For more information:
World Economic and Social Survey 2018: Frontier technologies for sustainable development
Has global economic growth reached its peak?
Over the past two years, the global economy has seen a strong and fairly broad-based recovery. Economic activity in developed economies – including the United States, Europe and Japan – accelerated amid a recovery in investment. Led by China, growth in East Asia remained strong; and several developing and transition economies emerged from recession as commodity prices gained ground.
But now there are emergent signs that global growth may have reached a peak and could start to moderate going forward. On the one hand, global indicators, such as industrial production and merchandise trade, are expanding less vigorously than in 2017. On the other, country-level indicators signal softening activity in many parts of the world economy, along with increased uncertainty and downside risks. While consumer and business surveys still paint a generally positive picture of current conditions, they show rising pessimism about the months ahead.
The recent worsening of expectations primarily reflects concerns in two main areas: international trade tensions and financial market stress. How the global economy will perform in 2019 strongly depends on how these risks play out. The pressure is on policymakers worldwide to ensure that the current challenges are addressed, and global growth stays on track.
You can find the November issue, with more details on these trends, here.
UN DESA’s Monthly Briefing on the World Economic Situation and Prospects is now in its 10th year of publication, bringing you the latest information on the global economy every month. The series is available at bit.ly/wespbrief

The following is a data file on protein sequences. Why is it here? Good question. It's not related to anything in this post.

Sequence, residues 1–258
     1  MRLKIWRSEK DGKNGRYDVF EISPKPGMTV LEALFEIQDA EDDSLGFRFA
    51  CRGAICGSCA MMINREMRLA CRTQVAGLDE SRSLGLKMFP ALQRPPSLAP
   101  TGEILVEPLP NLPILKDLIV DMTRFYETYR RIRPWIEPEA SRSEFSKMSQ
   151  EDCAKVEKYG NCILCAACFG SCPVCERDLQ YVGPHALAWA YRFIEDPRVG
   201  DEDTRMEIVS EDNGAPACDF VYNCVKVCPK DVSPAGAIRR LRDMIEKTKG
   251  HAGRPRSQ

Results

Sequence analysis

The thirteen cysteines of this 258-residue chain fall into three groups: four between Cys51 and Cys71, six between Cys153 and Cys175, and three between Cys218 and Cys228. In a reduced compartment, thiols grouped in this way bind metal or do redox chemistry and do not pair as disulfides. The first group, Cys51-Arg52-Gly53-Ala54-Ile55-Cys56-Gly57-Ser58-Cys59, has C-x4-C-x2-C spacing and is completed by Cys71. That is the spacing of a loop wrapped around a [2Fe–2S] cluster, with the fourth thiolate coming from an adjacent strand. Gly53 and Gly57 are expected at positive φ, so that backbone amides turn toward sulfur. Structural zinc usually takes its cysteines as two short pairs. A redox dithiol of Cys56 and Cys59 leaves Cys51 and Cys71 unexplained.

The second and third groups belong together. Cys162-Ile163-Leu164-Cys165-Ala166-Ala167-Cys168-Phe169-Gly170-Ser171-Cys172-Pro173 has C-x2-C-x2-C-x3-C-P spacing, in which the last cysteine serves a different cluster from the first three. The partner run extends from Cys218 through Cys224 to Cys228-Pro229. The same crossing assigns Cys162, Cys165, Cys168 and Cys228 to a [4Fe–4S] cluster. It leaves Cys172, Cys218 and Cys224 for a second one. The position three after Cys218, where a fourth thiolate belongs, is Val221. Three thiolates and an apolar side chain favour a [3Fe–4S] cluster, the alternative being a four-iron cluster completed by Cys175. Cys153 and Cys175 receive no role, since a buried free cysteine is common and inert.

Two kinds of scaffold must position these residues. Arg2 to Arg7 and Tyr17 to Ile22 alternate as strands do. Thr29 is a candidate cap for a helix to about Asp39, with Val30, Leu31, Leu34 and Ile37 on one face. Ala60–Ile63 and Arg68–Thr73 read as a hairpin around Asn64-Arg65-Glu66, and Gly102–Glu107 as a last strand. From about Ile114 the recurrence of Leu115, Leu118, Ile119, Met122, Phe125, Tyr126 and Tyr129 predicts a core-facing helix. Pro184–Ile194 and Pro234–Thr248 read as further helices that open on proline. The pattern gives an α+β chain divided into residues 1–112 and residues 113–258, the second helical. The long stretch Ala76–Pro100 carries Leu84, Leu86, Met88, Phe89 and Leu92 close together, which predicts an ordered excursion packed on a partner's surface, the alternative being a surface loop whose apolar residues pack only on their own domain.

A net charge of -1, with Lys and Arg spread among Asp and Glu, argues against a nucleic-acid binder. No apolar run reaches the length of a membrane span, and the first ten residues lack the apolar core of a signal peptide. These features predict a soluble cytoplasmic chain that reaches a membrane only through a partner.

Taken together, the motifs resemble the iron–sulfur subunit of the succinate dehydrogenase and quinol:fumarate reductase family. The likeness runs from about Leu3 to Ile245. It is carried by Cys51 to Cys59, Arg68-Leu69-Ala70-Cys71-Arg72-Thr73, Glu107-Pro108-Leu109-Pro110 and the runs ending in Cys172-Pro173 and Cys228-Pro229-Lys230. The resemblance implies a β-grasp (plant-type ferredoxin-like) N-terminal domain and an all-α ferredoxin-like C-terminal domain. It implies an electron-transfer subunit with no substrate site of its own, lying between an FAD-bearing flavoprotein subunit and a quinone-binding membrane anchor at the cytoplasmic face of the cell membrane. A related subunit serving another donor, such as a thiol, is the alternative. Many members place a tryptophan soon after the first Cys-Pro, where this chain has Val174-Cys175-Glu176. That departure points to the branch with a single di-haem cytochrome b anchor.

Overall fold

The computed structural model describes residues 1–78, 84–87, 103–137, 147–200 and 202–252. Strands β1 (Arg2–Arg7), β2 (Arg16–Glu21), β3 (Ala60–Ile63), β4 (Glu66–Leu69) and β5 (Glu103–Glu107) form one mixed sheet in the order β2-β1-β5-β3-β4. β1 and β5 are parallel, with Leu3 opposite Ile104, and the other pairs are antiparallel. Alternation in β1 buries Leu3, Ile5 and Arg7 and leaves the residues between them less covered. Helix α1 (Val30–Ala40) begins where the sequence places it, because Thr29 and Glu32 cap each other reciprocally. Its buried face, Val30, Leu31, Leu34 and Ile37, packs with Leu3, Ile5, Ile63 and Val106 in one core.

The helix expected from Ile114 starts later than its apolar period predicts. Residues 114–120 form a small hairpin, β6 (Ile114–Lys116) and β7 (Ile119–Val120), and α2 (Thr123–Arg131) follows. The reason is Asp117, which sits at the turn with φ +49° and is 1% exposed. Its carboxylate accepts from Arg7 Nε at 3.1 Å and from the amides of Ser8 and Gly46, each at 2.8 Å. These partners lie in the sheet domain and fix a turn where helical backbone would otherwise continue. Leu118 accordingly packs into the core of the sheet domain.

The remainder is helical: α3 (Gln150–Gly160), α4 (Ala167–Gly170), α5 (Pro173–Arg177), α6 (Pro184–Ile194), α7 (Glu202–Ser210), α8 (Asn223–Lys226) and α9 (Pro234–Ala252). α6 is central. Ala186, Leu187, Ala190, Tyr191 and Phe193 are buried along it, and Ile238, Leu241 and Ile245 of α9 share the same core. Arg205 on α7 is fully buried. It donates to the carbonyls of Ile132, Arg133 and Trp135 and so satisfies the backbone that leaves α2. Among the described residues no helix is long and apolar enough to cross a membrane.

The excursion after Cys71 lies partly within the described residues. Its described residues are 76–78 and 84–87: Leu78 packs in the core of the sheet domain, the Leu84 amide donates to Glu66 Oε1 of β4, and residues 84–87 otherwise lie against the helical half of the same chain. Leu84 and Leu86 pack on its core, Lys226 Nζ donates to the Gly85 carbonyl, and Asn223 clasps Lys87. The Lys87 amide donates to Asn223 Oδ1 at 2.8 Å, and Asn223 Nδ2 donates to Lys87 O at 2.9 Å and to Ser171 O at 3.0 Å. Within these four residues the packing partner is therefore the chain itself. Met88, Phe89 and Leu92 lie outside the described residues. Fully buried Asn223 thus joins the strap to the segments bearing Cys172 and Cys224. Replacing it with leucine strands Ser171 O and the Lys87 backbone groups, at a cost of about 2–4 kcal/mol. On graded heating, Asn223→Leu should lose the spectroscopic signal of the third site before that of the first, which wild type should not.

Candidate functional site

Photo: Georgina Goodwin/World Bank
Population and sustainable development in the 21st century
On 1 and 2 November 2018, UN DESA’s Population Division will convene an expert group meeting to discuss current and future population trends and their implications for sustainable development. Experts from around the world will consider the following topics: (1) fertility, reproductive health and population change, (2) health, mortality and older persons, (3) urbanization, internal and international migration, (4) population-related SDGs and targets, and (5) the contribution of the Programme of Action of the International Conference on Population and Development (ICPD) to the implementation of the 2030 Agenda for Sustainable Development.
The meeting is held in preparation of the 52nd session of the Commission on Population and Development (CPD) which will examine, in April 2019, progress and gaps in the implementation of the ICPD Programme of Action. The CPD will also consider the contribution of the Programme of Action in achieving the goals and targets of the 2030 Agenda.
While important progress has been made in the implementation of the ICPD Programme of Action since it was adopted in Cairo in 1994, considerable gaps still exist. In 2011, the General Assembly extended the Programme of Action beyond 2014 with a view to fully meet its goals and objectives. In 2014, 20 years after “Cairo”, the Secretary-General reported that progress in implementing the goals and objectives of the Programme of Action had been unequal and fragmented and that new challenges, realities and opportunities had emerged since its adoption.